About 11% of federal and state listed rare plants in the Klamath Siskiyou region only grow in ultramafic soils. A number of unique vegetation types, such as Darlingtonia fens, Jeffrey pine savanna, and Port-Orford-cedar riparian areas are also associated with ultramafic soils. Some lands, such as the Jeffrey pine savanna, can often be seen at a distance appearing more barren than surrounding landscapes due to the harsher growing conditions.
Older Forest habitats refer to those areas where trees are large enough to support the variety of species associated with “old growth,” such as spotted owls, red tree voles, Cyperpidium orchids (mountain lady slipper and the clustered lady slipper), and other fauna and flora. Habitat associated with older forests (also called late successional habitat) is often synonymous with northern spotted owl habitat and may refer to those areas commonly used for nesting and roosting.
As with other special habitats, there are far fewer older forests in southwest Oregon than 100 years ago due to logging, development, and wildfire—factors which continue to threaten these areas––especially on private lands. In our region the size of trees used by spotted owls is often much smaller than that used by owls further north in Oregon and Washington.
Home Page Photo Credit: Lee Webb
We are blessed with the best volunteers! Peter Kleinhenz just graduated from the Masters of Environmental Education Program at Southern Oregon University, but while in school, he still found the time this year to volunteer his time with us. At the last Ashland Where You At, a fun natural history community education event at Standing Stone, he dazzled the crowd with a short and passionate presentation on local snakes. More recently, Peter, with his reptile-loving friend Colin Guiley, conducted a preliminary reptile and amphibian survey of the Rogue River Preserve. While flipping over rocks, they found many critters, most notably a Common Kingsnake. Although this snake isn’t ALL that common in Oregon.
See below excerpts from Peter and Colin's report: Herpetofauna Observations.
May 16, 2015
Rogue River Property near Dodge Bridge
Species: Common Kingsnake (Lampropeltis getula)
Where Observed: Juvenile found under a small (6 inch diameter) rock where grown-over road meets middle terrace south of access road.
Status: Rare. Only one juvenile was observed during an extremely thorough search in prime habitat targeting this species. This species can be secretive but conditions were conducive to finding them. A breeding population likely exists on the property, but densities are probably low.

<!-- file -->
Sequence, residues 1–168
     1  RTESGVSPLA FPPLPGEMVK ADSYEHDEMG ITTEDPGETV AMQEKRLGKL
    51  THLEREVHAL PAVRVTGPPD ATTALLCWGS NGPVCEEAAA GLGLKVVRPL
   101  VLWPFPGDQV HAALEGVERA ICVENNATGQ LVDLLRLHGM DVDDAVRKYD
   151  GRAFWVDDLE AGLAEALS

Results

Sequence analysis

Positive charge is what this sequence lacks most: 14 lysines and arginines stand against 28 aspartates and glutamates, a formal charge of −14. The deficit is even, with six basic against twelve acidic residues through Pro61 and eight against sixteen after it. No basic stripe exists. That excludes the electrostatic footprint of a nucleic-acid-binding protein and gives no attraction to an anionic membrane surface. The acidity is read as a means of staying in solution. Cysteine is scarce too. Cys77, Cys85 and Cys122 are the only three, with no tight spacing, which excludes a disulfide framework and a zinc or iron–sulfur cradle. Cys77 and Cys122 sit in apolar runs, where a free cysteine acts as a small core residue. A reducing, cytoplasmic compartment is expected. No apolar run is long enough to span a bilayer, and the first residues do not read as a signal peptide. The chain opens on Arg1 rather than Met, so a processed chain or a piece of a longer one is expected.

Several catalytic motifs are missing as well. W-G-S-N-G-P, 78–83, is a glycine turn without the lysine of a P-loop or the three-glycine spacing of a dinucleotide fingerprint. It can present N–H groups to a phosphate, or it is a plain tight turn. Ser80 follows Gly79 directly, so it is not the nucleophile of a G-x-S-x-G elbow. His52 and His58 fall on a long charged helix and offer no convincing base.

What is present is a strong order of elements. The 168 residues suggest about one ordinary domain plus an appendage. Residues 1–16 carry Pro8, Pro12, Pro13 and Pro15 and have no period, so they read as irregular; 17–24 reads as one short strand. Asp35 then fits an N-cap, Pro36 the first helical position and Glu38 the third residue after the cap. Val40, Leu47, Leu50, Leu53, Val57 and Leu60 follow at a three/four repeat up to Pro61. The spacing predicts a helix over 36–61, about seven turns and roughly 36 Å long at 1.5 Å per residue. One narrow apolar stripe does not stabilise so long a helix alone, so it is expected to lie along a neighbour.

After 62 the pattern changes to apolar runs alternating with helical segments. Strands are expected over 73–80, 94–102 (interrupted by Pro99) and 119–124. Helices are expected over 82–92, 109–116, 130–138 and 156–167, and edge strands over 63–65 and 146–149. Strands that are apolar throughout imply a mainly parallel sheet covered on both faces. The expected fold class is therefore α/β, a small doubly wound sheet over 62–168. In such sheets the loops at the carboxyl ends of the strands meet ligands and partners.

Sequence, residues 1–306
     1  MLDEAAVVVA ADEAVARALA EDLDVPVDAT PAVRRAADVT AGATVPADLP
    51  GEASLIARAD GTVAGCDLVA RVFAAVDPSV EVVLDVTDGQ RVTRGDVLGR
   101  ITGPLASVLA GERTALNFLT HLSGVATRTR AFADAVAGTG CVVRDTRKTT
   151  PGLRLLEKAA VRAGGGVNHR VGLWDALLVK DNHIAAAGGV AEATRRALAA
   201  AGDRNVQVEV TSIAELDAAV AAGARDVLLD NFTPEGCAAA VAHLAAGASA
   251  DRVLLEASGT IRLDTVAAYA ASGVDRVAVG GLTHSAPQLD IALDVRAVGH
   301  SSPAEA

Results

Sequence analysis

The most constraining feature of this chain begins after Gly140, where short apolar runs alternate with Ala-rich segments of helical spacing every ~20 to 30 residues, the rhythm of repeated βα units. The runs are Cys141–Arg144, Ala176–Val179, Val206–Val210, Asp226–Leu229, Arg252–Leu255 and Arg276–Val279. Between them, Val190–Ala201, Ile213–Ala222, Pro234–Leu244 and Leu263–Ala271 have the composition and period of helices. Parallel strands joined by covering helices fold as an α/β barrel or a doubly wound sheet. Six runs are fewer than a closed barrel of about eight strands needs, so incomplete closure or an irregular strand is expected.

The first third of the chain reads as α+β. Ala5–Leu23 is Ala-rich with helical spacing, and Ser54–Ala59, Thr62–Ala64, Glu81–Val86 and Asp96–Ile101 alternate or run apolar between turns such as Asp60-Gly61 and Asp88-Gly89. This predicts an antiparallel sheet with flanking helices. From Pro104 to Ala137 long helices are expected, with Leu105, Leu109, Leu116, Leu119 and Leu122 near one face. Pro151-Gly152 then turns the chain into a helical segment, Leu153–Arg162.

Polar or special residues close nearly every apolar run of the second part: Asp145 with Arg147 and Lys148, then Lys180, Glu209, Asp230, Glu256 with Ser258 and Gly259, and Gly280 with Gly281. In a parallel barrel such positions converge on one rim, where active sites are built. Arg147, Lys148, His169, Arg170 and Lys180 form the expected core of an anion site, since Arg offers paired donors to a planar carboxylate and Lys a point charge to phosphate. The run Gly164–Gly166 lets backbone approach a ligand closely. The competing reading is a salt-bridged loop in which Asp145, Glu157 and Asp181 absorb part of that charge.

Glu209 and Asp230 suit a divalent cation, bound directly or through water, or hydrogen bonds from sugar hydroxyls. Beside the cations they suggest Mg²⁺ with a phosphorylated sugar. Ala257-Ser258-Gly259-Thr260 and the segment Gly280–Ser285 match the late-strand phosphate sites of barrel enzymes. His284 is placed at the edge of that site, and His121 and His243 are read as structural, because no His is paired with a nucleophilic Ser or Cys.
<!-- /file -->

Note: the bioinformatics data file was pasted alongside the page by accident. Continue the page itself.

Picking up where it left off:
Significance of Common Kingsnake Observation
The common king snake has the second-most limited range of any snake living in Oregon. The species has been observed on a few occasions in the Applegate Valley but, otherwise, it lives in the Rogue River valley of Jackson and Josephine Counties with an isolated population persisting east of Roseburg in Douglas County. The species is considered “Sensitive – Vulnerable” in the state of Oregon. Colin Guiley has searched for snakes in southern Oregon for over 25 years and the individual found in this survey was the first he has seen in the state. The observation of a juvenile confirms that the species is breeding on the property. Colin Guiley and I believe that the property probably represents one of the best remaining habitats for this species in southern Oregon. There is abundant cover, food, and room for dispersal at the site. The connectivity the property has to the adjoining park is also critical for a species like the common kingsnake to persist in the region over time.
Issues As They Relate to Reptiles and Amphibians
The prevalence of Himalayan Blackberry at the site, especially on the edge of the floodplain forest south of the access road is probably affecting reptiles negatively. The blackberry can cover basking structures like logs and rocks, and favors edge habitats that are also favored by most snakes that live on the property.
Bullfrogs are probably affecting amphibian populations in a negative way on the property. These voracious predators can consume not only frogs and salamanders, but small snakes and turtles as well. It is possible that the property could house a population of Western Toad (species of concern) and/or Long-toed Salamander but neither species is likely to be present in areas of high bullfrog density.
Other species spotted at the Preserve:
Species: Pacific Tree Frog (Pseudacris regilla)
Where Observed: Tadpoles observed in floodplain pools south of access road.
Status: Abundant in floodplain habitat.